Expected to take at least a year, the trial is taking place in a specially constructed high-security bunker on the sprawling grounds of an industrial park in Calabria, the “toe” of the Italian peninsula.
Prosecutors hope the trial will deliver a harsh blow to the ‘ndrangheta, the Calabria-based mob organization that has exploited tens of billions of dollars in cocaine revenues over decades to extend its criminal reach across Europe and into several continents.
Anti-mafia Prosecutor Nicola Gratteri told reporters as he arrived at the bunker that the trial, targeting alleged members of a dozen crime clans as well as local officials, businessmen and politicians who were allegedly in cahoots with mobsters, marked a turning point.
“Decades ago, people would tremble when talking about Cosa Nostra or when using the word ’ndrangheta, something they would say only in a hidden room, around the fireplace, whispering,” said Gratteri, who was born in Calabria and who has recalled how he played and attended school with boys who later grew up to become ‘ndranghetisti, as the syndicate’s ranks are known. “Today we are beginning to speak out in the open sunlight.”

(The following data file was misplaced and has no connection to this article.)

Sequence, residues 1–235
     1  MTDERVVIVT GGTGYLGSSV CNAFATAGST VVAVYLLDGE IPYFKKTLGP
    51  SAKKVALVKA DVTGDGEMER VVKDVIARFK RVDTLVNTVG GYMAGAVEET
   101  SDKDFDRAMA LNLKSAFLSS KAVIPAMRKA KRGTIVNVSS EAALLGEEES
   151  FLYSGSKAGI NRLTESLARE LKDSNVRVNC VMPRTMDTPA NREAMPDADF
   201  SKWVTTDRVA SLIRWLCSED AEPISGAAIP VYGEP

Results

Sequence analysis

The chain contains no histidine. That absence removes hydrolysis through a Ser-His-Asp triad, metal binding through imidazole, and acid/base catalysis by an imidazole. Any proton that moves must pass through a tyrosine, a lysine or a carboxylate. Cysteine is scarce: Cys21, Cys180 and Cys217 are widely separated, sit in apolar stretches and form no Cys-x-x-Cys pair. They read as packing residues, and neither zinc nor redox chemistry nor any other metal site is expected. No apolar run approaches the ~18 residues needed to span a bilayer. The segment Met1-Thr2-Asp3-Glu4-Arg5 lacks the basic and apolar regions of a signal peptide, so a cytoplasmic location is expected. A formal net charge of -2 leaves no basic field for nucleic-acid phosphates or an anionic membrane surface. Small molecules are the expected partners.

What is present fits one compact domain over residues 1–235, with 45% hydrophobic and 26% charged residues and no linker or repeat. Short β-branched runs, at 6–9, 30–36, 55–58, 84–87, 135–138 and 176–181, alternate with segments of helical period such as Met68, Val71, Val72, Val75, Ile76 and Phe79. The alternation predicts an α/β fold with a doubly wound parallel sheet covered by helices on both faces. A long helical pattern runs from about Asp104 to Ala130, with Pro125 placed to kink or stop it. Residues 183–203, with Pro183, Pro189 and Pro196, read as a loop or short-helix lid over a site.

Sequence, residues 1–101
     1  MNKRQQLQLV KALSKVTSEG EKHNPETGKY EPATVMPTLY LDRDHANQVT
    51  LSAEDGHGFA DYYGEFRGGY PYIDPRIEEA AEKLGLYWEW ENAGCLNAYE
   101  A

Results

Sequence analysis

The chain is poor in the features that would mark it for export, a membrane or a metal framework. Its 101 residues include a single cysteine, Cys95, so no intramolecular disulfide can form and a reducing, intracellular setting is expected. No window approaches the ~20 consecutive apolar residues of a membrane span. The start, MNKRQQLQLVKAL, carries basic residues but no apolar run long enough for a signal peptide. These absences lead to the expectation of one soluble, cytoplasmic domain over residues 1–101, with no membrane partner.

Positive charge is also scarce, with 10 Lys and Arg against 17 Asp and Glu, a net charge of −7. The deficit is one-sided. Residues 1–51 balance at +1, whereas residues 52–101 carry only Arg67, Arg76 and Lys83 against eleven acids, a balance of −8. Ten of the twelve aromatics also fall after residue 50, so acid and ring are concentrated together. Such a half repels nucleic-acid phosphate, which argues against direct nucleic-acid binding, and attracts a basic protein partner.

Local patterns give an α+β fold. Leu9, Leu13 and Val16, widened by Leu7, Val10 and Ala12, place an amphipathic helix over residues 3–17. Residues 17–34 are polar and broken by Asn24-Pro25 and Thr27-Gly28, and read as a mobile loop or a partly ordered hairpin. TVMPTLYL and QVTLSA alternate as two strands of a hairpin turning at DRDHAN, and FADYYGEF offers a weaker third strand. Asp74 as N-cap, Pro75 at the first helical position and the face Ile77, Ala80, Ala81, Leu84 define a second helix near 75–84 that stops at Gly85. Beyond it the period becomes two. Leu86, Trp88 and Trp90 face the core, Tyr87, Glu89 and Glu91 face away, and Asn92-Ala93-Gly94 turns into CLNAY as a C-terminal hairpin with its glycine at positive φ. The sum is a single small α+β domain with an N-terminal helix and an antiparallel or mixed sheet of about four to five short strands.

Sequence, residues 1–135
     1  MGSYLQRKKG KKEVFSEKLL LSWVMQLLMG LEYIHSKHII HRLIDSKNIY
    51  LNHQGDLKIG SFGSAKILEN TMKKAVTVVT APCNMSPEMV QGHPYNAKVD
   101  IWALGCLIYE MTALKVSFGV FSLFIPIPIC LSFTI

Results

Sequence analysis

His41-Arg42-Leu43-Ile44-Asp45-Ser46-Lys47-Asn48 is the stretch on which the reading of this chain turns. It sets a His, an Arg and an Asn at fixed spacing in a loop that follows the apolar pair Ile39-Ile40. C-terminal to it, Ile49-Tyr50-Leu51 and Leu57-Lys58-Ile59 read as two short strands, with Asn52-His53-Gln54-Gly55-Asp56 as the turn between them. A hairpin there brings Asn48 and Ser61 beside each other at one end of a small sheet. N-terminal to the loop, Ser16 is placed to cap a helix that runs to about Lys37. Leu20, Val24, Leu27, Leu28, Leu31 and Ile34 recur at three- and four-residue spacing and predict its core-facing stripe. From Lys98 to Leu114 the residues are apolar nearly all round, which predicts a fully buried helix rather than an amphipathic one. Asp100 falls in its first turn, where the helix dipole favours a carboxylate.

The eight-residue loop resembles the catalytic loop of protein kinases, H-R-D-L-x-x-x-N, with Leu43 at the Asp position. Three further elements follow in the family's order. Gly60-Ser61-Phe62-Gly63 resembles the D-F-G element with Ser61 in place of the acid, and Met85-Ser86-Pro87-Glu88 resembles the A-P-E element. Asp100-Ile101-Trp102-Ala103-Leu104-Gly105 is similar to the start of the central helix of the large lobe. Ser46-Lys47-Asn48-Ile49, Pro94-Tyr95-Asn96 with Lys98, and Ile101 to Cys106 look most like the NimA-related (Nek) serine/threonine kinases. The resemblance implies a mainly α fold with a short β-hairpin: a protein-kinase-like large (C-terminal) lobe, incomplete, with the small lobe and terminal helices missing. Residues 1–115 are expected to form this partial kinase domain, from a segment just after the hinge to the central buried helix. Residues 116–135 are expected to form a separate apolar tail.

Heartening to him and others in Italy who are tackling the ‘ndrangheta as well as other Italian crime syndicates are the growing departures from the past, when few dared to provoke mobsters’ retaliation by reporting attempts to demand “protection” money from businesses large and small and other forms of intimidation.
“We have been seeing a spike in complaints by businessmen, bullied citizens, victims of usury, people who for years have been under the pall of the ’ndrangheta,” Gratteri said.
Investigators say the ’ndrangheta has established bases in much of western, northern and central Europe, Australia, North and South America and is active as well in Africa.
The first three hours of the trial’s opening day were consumed by the court’s formal rollcall of the defendants and their lawyers. Defendants who are jailed, due to convictions in other cases, could follow the proceedings by a video conference.
The trial grew out of an investigation of 12 clans linked to a convicted ‘ndrangheta boss. That figure is Luigi Mancuso, who served 19 years in Italian prison for his role in leading what investigators allege is one of the ‘ndrangheta’s most powerful crime families, based in the town of Vibo Valentia.
The prosecution has indicated it hopes to call more than 900 witnesses.